Women's Rights and the Human Rights Act

Posted on: 18 October 2021 by Professor Nicola Barker in Blog

Sticker on lampost that reads 'every human has rights'
An image of a sticker on a lamp-post that reads 'Every Human Has Rights'. Photo by Markus Spiske on Unsplash.

The Independent Human Rights Act Review is due to report later this month. In light of this, Professor Nicola Barker explores the impact of the Humans Rights Act on women's rights.

Announcing the Independent Human Rights Act Review in December 2020, the (then) Justice Secretary Robert Buckland stressed the need to ‘update’ the Human Rights Act (HRA). Though the Review is not due to report until the end of this month, the new Justice Secretary, Dominic Raab, renewed the government’s attacks on the Act at the Conservative Party Conference last week.

In a speech that was reminiscent of Theresa May’s now infamous 2011 speech in which she made the much ridiculed false claim that a man could not be deported because he had a pet cat, Raab highlights the case of ‘a drug dealer convicted of beating his ex-partner, a man who hadn’t paid maintenance for his daughter’, who avoided deportation by claiming his right to family life. Legal twitter tracked down the case he was referring to within hours of Raab’s speech and several commentators explained that the law in this area had already changed in 2014 following an amendment to the Nationality, Immigration and Asylum Act 2002. However, what is noteworthy about Raab’s choice of example (other than the warning it provides against lifting outdated anecdotes from 10 year old material) is that it implies that the HRA prevents the government from effectively addressing violence against women. Similarly, his predecessor Robert Buckland had also used only one concrete example of the difficulties posed by the HRA: the case of R v. A (complainant’s sexual history) [2001], in which he says ‘the HRA was used essentially to strike down the rape shield which had banned the cross-examination of rape complainants on their past sexual behaviour’. However, this judgment and its implications are much more complex than his anecdote implies, and it is by no means clear that this case was correctly decided.

'Boys will be held accountable' sign at a protest

There is a reason that previous commentators have cautioned against using this particular case ‘as ammunition in the well-worn debates about the effect of the Human Rights Act’. Contrary to Buckland’s implication, the HRA does not override parliamentary sovereignty and there has been plenty of opportunity in the intervening twenty years since this case for Parliament to legislate to restore the rape shield. However, successive governments did not introduce such legislation and a 2017 private members’ bill that would have strengthened the rape shield did not gain the government’s support and failed to progress beyond its first reading. In fact, in response to this Bill and wider calls for reform to better protect rape complainants following the Ched Evans case, the Ministry of Justice published a review of the rape shield provision in which it insists that the law is ‘working as Parliament intended’. In light of this, Buckland’s invocation of this particular example to justify a review of the HRA appears to be somewhat disingenuous. Nevertheless, his message is that the HRA undermines attempts by Parliament to protect women.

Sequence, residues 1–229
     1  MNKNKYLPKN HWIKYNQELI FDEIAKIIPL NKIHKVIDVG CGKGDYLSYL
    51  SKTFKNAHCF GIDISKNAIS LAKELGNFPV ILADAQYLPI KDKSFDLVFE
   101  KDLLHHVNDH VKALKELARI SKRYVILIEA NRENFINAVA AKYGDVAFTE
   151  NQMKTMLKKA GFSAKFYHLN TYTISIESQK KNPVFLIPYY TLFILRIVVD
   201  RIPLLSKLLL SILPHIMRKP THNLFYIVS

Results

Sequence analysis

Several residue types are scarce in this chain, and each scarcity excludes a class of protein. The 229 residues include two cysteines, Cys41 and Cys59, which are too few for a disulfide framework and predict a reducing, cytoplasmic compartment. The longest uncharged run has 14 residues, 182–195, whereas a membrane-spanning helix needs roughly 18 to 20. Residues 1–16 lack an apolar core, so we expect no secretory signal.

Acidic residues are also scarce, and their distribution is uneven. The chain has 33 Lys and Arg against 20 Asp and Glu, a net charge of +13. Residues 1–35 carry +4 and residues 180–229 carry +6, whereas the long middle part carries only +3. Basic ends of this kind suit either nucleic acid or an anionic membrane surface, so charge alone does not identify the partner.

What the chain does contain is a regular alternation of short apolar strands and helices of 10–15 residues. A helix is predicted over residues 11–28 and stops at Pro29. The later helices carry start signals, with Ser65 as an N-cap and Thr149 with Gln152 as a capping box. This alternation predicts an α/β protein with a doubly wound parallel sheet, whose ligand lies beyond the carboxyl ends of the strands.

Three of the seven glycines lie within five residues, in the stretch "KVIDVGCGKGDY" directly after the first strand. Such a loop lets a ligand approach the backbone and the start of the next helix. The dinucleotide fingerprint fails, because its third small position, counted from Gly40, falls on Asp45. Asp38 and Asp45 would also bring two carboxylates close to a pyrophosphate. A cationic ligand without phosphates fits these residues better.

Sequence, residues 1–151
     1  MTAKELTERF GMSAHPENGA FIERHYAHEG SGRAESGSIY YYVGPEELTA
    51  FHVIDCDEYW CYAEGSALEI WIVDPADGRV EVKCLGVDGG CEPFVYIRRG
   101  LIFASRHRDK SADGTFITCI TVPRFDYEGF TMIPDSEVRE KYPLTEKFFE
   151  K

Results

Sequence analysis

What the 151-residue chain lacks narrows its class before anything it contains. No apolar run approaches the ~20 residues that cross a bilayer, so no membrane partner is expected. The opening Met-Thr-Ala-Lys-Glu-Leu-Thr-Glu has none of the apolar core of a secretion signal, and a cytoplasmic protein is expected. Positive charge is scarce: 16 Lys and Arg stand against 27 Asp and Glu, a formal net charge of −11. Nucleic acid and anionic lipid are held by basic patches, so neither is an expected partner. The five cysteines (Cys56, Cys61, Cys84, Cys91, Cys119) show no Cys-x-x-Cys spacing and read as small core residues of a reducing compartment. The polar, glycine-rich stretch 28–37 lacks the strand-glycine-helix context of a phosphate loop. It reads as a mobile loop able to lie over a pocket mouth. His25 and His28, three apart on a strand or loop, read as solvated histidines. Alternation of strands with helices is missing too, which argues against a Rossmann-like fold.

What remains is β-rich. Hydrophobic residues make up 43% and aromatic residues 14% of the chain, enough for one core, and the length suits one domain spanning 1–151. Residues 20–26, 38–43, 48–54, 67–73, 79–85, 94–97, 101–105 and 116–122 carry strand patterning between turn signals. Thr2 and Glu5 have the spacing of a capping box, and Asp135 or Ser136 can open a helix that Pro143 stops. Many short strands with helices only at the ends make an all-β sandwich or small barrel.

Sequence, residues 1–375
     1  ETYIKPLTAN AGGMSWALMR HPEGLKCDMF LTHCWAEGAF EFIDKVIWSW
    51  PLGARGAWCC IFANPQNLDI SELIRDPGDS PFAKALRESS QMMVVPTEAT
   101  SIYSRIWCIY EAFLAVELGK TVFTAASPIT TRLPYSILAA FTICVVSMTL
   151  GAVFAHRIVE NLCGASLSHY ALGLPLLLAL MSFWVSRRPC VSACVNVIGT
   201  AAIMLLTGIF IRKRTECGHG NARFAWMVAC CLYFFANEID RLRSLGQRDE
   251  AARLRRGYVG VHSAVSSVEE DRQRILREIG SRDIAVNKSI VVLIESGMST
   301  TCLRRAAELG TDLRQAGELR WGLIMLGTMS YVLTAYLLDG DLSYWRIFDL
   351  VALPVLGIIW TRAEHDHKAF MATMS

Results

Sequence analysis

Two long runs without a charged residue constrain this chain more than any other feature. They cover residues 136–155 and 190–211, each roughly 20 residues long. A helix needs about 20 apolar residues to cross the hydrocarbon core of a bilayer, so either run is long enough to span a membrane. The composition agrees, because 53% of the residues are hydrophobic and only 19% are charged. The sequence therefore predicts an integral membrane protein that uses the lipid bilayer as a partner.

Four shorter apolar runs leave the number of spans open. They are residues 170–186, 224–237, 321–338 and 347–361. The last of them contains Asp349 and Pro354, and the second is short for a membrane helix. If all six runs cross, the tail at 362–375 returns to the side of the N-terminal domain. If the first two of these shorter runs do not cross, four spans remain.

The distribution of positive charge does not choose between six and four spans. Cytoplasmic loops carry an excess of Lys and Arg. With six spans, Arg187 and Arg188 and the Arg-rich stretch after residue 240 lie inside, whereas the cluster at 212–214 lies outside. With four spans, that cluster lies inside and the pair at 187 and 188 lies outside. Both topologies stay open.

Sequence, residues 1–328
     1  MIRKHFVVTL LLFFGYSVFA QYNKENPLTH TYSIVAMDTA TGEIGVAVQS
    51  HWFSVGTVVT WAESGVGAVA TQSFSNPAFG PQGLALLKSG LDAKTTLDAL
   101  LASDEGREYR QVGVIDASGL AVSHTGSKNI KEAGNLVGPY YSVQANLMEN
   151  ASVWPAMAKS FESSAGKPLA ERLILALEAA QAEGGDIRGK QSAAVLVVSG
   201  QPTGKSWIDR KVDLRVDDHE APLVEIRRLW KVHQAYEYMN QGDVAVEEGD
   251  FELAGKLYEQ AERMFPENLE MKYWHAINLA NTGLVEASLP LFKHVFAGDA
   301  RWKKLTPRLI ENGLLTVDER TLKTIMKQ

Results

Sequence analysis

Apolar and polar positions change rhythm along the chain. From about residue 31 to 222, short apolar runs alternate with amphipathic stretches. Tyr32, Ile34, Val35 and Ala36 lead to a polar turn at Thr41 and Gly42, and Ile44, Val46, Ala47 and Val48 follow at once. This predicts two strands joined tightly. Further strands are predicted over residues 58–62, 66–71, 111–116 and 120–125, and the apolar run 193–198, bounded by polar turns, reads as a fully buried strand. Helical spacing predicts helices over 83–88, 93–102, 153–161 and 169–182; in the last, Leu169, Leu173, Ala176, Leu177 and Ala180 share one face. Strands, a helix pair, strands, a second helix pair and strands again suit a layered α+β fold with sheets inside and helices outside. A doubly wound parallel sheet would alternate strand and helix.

Leaving aside the questionable legitimacy of Buckland’s and Raab’s particular examples and taking the broader point at face value: To what extent has the Act been used as a shield by abusive men to protect themselves from the consequences of their actions or as a sword to inflict further distress on their victims, as in the case of the rape shield? And, importantly, to what extent is this the fault of the HRA itself, as opposed to problematic interpretation of the Convention jurisprudence by the UK judiciary? As part of a British Academy funded project, I undertook a gender audit of the first 20 years of case law under the HRA. While the HRA has been more useful to women’s rights in some respects than others, it is impossible to conclude that it has had an overall negative impact. Taking last year as an example, in 2020 there were 370 reported cases that mentioned the HRA. Only five of these cases involved the HRA being used in a way that (in my view) was clearly contrary to women’s rights and a further 11 cases in which this was attempted but unsuccessful. These five cases involved fair trial, family rights and free speech arguments under Articles 6, 8 and 10 ECHR being used in a way that undermined individual women’s safety, or protections that had been in place against abusive behaviour more broadly. However, though it did not result in a favourable outcome for the women on the facts in these five cases, the HRA provided a space that had not previously existed for arguments about their rights to be made. In contrast, each of the rights relied upon by the other parties either pre-dated or exists in legislation independently of the HRA. It is the women’s rights arguments in these types of cases that would become more precarious with the repeal or weakening of the HRA.

The Independent Human Rights Act Review does not explicitly consider the question of the Act’s impact on women’s rights, but if it did it would be hard pressed to make a case that the Act has been bad for women, despite the implications of the current and previous Justice Secretaries.


A Feminist Review of the Human Rights Act: 3rd December 2021

On 3rd December, we will host a workshop at the University of Liverpool and online:

A Feminist Review of the Human Rights Act will consider in more detail the impact of the HRA on the rights of women and those of minority sexes/genders and sexual orientations. For more information and to register please click here.